Pierre Delaunay, UEFA's General Secretary between 1956 and 1959, and an important figure in the body's early development, has died at the age of 99. In an article published in September 2005, UEFA Direct highlighted key moments in his time with UEFA.
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Celebrations have been coming thick and fast for UEFA: after its own 50th anniversary and the 50th Champion Clubs’ Cup/UEFA Champions League final, the season just starting will commemorate 50 years of Europe’s most prestigious club competition.
“It’s hard to find the energy for going to football matches now,”, says Pierre Delaunay who, though he might not be present at the crowning moment of this commemorative season, the UEFA Champions League final, at the Stade de France in Paris next May, was one of the prime movers behind the first edition of the Champion Clubs’ Cup in 1956, also held in Paris but at the Parc des Princes. "Paris was the obvious choice for the first final, since the competition was created in France, thanks to journalists from L'Equipe."
Pierre Delaunay is a unique figure in UEFA's history: he is the only general secretary to have also sat on the Executive Committee, and, what is more, the only one to have succeeded his father as general secretary, not only at UEFA but also at the French Football Federation (FFF).
“Because of my family’s links with Germany, I had an awareness of international relations, and my father showed me the way in the world of football. So I was well prepared for taking on this role."
At UEFA, the handover from father to son took place in two stages: informally at first, since Pierre, with the agreement of the Executive Committee, assisted his father Henri during his illness and took over his duties on his death in November 1955. Then, in Lisbon on 8 June 1956, the 2nd Ordinary UEFA Congress officially appointed him general secretary.
“Above all, UEFA was founded to reinforce Europe’s position within FIFA and to create a balance vis-à-vis the South American Confederation, which had already been in existence for nearly 40 years,” he recalls. But this was not the end of the matter. “So we now have a Union of European Football Associations, and this is all very well but, in my opinion, it has not yet entirely fulfilled its objective,", wrote his father Henri in France Football Officiel on 20 September 1955. "It has become a grouping in the legal sense but not yet in sporting terms. And yet I’d say that this sporting aspect is as essential to it as a national competition is to an association, the South American Championship is to the South American Football Confederation or the World Cup is to FIFA."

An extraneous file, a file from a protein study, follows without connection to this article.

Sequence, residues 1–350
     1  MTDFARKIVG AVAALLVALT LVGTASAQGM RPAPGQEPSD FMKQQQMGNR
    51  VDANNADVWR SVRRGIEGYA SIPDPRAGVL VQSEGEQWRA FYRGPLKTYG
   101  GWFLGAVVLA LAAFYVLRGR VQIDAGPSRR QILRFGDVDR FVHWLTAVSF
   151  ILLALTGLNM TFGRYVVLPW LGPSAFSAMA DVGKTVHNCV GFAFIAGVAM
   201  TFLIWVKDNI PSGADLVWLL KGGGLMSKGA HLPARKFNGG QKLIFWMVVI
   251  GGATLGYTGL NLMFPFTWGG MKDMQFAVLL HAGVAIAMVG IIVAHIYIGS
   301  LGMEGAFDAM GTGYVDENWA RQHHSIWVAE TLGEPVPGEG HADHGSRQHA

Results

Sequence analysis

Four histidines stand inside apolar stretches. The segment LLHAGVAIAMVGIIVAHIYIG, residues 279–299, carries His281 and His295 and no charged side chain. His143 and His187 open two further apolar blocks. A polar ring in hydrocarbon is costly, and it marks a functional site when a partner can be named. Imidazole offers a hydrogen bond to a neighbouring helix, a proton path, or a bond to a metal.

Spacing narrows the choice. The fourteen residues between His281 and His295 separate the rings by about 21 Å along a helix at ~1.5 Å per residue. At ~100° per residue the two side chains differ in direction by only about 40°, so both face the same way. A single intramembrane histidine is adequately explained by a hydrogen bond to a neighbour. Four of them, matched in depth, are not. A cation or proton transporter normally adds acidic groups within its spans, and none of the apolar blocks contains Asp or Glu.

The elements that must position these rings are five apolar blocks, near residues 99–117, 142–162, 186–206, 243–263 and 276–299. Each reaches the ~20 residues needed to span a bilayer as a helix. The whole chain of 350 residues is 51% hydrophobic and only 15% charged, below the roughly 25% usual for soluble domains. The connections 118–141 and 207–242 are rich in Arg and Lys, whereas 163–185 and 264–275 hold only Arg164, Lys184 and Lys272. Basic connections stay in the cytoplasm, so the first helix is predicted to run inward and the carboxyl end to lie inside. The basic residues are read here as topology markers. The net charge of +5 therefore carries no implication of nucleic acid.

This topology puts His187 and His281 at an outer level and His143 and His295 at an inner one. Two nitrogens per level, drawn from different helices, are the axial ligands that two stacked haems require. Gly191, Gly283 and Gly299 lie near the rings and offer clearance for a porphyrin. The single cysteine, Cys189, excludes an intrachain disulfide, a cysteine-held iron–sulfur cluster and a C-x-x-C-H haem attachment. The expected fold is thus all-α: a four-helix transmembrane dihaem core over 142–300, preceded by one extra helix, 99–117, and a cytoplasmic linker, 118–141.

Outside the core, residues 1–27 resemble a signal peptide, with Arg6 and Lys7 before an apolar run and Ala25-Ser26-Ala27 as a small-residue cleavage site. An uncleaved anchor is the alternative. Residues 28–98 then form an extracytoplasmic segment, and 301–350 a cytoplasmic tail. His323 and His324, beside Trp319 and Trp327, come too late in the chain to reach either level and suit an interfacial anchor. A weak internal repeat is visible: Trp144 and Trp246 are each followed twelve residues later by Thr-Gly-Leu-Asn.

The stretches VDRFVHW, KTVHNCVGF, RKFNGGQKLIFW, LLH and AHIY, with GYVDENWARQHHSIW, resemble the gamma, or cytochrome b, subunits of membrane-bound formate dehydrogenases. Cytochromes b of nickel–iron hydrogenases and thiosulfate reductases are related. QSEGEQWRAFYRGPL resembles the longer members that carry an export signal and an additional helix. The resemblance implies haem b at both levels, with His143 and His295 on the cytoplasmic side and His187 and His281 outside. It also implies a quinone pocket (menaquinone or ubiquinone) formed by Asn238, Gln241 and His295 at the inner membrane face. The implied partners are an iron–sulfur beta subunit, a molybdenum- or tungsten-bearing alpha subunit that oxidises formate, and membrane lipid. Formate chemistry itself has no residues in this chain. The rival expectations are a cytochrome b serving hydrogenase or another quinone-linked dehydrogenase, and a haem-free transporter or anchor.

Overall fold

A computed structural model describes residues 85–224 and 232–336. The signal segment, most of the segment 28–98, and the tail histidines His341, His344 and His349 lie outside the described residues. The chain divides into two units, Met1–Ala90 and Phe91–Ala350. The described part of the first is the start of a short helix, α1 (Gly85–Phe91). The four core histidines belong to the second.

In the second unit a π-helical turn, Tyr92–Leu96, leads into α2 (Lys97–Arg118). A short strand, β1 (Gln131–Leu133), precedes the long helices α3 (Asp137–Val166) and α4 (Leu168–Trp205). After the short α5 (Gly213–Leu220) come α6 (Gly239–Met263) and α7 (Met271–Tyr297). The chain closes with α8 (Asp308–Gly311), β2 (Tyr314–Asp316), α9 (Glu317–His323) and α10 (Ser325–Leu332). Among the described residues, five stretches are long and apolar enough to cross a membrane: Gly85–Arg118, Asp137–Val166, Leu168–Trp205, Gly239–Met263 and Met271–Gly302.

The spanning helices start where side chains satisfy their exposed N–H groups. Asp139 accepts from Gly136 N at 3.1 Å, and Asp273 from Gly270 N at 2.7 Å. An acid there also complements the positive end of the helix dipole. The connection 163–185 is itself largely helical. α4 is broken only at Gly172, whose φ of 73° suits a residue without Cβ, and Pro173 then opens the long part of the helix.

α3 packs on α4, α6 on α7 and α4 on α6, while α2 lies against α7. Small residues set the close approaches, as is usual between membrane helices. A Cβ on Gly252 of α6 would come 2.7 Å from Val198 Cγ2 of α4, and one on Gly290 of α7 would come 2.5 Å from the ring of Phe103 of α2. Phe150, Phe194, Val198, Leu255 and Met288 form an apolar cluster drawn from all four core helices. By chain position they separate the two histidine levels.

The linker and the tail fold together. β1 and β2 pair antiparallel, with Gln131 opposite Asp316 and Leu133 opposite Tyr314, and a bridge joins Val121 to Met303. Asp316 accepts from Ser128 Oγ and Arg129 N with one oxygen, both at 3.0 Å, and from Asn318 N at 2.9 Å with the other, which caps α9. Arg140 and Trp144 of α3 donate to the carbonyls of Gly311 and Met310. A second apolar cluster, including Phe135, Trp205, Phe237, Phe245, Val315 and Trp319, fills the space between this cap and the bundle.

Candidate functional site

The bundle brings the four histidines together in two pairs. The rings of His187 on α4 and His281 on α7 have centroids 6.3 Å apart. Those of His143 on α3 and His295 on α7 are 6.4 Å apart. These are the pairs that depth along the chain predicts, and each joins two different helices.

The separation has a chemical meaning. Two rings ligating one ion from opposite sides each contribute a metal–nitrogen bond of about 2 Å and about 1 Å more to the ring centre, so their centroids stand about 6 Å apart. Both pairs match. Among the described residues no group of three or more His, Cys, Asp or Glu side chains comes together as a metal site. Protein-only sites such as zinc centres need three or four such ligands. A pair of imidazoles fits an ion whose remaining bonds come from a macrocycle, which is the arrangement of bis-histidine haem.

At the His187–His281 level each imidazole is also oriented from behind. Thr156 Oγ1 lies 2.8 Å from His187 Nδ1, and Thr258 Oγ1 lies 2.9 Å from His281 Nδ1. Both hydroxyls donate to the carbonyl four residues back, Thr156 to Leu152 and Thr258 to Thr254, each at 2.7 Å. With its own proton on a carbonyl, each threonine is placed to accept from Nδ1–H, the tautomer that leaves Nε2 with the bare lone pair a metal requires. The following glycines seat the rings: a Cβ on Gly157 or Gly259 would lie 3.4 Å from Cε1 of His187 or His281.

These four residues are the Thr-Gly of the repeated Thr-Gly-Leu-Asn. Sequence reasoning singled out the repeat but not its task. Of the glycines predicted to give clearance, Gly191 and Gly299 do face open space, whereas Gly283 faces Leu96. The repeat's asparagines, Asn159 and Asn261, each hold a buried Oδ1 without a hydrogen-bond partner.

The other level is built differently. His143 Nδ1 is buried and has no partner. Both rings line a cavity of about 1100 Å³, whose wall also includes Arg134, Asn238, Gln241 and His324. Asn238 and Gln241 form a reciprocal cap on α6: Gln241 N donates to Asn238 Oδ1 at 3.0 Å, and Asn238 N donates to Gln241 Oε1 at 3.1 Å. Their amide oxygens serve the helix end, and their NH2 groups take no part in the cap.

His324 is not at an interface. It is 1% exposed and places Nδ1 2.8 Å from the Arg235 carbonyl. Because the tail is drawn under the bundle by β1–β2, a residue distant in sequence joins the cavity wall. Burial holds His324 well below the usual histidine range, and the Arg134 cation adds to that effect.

In the same article, Henri Delaunay hailed the birth of the Champion Clubs’ Cup: “The European Champion Clubs’ Cup is a wonderful new initiative, but there is an even greater need for a European cup for national teams."
Lack of enthusiasm
The idea of a European competition for national sides had already been put to the Vienna Congress in 1955, but without success. “Maybe it was a lack of preparation which led to this rejection …,” reflected Henri Delaunay, “but in particular it stemmed from the indecisiveness of the national associations because of the many international matches and competitions with neighbouring countries in which they are already taking part."
In 1958, at the Stockholm Congress, enthusiasm was still not widespread. “Even then, clubs weren’t very keen on releasing their players,” remembers Pierre Delaunay. After the Hungarian Gustav Sebes had presented plans for a European Nations’ Cup, the decision was postponed until the afternoon of that day. Firm support from the UEFA president, Ebbe Schwartz, and resolute intervention from Pierre Delaunay, spokesman for the project study group, was needed for the project to be accepted. With enormous foresight, the general secretary had written a little earlier in France Football Officiel: "Whether we like it or not, the momentum is uncontainable ... the European international competition will take off in the end, and sooner or later it will have the virtually unanimous backing of the associations.”